My mother regularly threatens me with writing a really terrible obituary if I die before my time.
“It’ll be full of puppies and rainbows,” she says. “It’ll go on about how sweet and kind and inspirational you were. A little angel sent down from a sunbeam to live among us.”
She knows this would wound me to the core. This is a clever way to ensure against my early demise, or at least to ensure that I look both ways when crossing the street.
My utter revulsion towards this often-repeated, happy narrative about nice young white girls cut down against their time also gets me thinking. How do we eulogize the young and dead unfortunately? Why do we do such a sugary job of it, most of the time?
Marina Keegan was the latest example. Struck down in 2012 at the age of 22, on the way to Cape Cod, after graduating from Yale with the love of her peers and professors alike. Already tapped for a coveted New Yorker gig. Full of potential. Her essays now are seeing the light of day, republished on the New Yorker and blasted across the Internet.
Keegan’s brief life is being heralded as an inspiration, the sort of thing meant to make you weep with the Joy of Life over your computer keyboard. We’ve seen this before. Keegan is being re-purposed, posthumously. A sort of passionate Deepak Chopra figure, here to give us life lessons from her lovely young life — reaped before its time.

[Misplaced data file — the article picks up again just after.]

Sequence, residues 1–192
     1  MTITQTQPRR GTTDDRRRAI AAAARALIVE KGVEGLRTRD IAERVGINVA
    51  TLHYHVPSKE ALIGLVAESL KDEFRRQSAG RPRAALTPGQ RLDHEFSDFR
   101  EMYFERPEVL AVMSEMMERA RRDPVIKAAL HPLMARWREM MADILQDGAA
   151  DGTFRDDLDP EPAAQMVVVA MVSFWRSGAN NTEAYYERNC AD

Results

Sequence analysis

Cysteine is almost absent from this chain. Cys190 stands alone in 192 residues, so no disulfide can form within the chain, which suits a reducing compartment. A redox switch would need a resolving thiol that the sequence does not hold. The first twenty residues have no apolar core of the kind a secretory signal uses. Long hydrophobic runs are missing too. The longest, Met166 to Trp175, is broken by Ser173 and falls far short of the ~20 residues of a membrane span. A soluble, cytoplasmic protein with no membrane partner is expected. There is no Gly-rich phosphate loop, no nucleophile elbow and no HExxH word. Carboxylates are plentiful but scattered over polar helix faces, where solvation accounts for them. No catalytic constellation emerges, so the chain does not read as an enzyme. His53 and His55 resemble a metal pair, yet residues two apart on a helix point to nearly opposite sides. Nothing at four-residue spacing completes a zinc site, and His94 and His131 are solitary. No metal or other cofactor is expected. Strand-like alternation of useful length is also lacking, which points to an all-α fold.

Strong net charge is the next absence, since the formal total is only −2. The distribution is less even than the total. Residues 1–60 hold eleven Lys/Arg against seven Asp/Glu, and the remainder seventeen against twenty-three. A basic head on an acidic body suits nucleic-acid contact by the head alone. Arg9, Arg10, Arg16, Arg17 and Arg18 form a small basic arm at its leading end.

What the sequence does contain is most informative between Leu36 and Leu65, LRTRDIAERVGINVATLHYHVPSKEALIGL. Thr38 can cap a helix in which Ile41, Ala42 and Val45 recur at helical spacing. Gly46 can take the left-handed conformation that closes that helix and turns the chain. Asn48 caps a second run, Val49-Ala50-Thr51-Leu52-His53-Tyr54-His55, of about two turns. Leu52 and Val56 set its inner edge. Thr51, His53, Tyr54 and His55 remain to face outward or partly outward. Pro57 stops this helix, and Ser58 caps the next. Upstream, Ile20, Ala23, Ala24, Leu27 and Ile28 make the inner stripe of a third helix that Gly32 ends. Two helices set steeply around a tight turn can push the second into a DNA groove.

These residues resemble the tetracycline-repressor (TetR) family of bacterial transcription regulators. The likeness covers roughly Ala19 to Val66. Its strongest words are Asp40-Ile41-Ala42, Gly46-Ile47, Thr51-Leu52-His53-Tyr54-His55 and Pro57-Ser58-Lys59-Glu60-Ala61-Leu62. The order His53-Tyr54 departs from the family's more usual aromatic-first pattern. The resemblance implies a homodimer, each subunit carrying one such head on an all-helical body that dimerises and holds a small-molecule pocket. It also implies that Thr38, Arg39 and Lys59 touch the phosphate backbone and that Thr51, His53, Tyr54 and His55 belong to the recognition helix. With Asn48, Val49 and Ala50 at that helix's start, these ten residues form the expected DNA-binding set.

To be quite frank, this post-death exultation makes me a little ill. And it is not because of her, or her writing, which is perfectly good from the snippets I’ve read. It is because I would like to talk to her and see what she made of it. Part of me wonders if she would despise being re-purposed in such a way, rendered an inspirational figure — eulogized in USA Today, a Sad But Gentle Soul.